Weren’t the men and women, young and old, with different religious beliefs and particular ethnicities murdered from Istanbul to Hakkari, in 1915 and onwards? These systematic massacres were merely a planned programme and executed with the decision of a central authority. As much as the (Turkish) authorities may interchangeably intend to call these actions as a big tragedy or cataclysm; however, could this event itself hide out the real truth it holds where it costed the lives of over two million people and that wiped out majority of ethnic Christian minorities from this part of geography?

Here the intended emphasize is this: in order to reach reconciliation for the genocide, requires the parties involved enter into settlement. People need to be educated in this line and try to meet the requirements for apology. It is not sufficient enough just to say ‘Sorry’ even though this may seem a positive step forward in apology. The fundamental principle and important element is to meet the essentials of the apology. The issue is not an argument about whether or not the genocide happened in Turkey. The actual matter which needs to be addressed and discussed is what steps forward Turkey can take to ease the pain and sorrow of the victims of the genocide.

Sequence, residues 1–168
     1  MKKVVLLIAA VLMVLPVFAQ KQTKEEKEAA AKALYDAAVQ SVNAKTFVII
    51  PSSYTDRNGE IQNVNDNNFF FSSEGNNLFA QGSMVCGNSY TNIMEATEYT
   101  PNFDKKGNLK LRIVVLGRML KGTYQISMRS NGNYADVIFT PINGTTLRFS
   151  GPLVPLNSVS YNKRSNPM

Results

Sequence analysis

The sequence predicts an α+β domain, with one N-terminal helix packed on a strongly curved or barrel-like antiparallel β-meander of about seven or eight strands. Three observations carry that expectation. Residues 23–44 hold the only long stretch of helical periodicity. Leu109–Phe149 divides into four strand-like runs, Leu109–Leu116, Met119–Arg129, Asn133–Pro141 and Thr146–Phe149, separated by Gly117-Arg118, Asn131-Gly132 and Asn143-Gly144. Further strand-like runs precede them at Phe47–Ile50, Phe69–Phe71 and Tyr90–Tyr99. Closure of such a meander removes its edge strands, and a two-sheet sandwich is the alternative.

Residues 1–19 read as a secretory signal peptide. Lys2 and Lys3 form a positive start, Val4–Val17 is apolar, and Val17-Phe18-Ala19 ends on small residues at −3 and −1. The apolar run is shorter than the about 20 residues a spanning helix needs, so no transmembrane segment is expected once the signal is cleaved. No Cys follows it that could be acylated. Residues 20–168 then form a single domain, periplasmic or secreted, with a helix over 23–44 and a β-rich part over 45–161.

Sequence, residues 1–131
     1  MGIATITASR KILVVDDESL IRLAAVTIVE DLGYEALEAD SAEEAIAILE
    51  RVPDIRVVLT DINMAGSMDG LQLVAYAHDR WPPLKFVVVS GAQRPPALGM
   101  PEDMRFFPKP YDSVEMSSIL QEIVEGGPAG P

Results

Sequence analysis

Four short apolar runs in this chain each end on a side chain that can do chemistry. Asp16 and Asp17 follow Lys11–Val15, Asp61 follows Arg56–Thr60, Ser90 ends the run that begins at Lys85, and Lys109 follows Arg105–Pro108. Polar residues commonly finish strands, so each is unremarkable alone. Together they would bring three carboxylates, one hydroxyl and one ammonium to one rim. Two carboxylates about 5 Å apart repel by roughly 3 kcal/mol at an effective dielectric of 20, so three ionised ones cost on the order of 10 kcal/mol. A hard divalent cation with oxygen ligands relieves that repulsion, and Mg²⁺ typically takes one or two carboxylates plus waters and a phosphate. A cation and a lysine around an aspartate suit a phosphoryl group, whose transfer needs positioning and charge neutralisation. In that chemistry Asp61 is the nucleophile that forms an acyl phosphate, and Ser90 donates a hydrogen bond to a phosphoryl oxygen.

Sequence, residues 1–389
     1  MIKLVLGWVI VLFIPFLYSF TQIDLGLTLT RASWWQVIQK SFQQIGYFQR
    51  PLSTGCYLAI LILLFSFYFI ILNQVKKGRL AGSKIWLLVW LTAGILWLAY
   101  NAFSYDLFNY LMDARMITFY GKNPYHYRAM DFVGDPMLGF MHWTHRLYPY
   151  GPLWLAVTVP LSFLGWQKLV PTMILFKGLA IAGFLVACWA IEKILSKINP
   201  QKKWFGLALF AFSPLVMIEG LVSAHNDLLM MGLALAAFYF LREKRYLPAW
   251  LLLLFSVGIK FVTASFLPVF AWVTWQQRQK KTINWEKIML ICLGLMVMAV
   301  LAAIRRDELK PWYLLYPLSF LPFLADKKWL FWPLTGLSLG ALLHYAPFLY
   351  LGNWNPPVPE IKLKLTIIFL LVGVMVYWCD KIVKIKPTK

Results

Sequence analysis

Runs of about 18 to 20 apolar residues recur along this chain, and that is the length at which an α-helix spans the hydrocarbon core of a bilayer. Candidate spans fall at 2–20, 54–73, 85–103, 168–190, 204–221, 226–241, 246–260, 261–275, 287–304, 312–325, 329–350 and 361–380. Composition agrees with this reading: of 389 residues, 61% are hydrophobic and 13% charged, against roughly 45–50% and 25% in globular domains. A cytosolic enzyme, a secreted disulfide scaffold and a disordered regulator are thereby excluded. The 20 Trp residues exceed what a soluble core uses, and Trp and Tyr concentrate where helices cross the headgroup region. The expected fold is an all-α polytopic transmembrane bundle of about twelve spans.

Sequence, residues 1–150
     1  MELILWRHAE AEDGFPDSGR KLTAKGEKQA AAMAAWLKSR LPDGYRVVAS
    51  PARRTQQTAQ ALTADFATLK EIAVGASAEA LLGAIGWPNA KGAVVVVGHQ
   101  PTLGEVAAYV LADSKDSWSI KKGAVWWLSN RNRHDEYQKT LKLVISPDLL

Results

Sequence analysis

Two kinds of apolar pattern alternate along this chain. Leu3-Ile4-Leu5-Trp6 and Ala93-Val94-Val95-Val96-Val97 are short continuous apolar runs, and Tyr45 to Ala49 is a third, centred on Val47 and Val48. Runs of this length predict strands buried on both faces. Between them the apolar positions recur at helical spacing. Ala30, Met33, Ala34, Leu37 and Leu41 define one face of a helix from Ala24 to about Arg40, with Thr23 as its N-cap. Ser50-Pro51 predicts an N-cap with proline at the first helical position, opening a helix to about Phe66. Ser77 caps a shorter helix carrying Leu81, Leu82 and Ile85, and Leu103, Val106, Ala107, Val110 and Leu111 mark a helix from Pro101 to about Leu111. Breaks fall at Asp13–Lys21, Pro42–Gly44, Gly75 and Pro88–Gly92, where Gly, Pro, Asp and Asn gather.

We, the Assyrians, more importantly would like to underline this: settling up with history is another measure of democratization. If you don’t face up and settle with history, you cannot reveal the importance of the day. In this essence Turkey should settle with its own recent history. Therefore it must apologize for what it did in the 1915 (and onwards) to the Armenians, Assyrians, Greeks and Yezidi’s. More importantly it should meet the essentials of this apology.

Inasmuch as Turkey won’t settle up with its own recent history or apologizes to the people that were victims of genocide, it will not prevent future genocides nor will it be democratized. What we seek is for Turkey to come clean about every aspect of the Genocide.

On 18 March last year Germany’s Prime Minister Angela Merkel bowed down at Israel’s Parliament, the Knesset, in reference to the Holocaust, in which 6 million people were killed, said in Hebrew:

“The Holocaust is shame and a disgrace for us! With all my respects to all victims of the massacre, I bow down.”

On the contrary, the Turkish Republic’s Prime Minister, Mr Recep Tayyip Erdoğan says to those involved in the ‘Sorry’ campaign: “they must have committed the genocide so that they are apologizing”. What a shame! This attitude shows the degree of maturity between the Turkish Republic’s Prime Minister, Mr Erdoğan as compared to that of Germany’s Prime Minister Angela Merkel.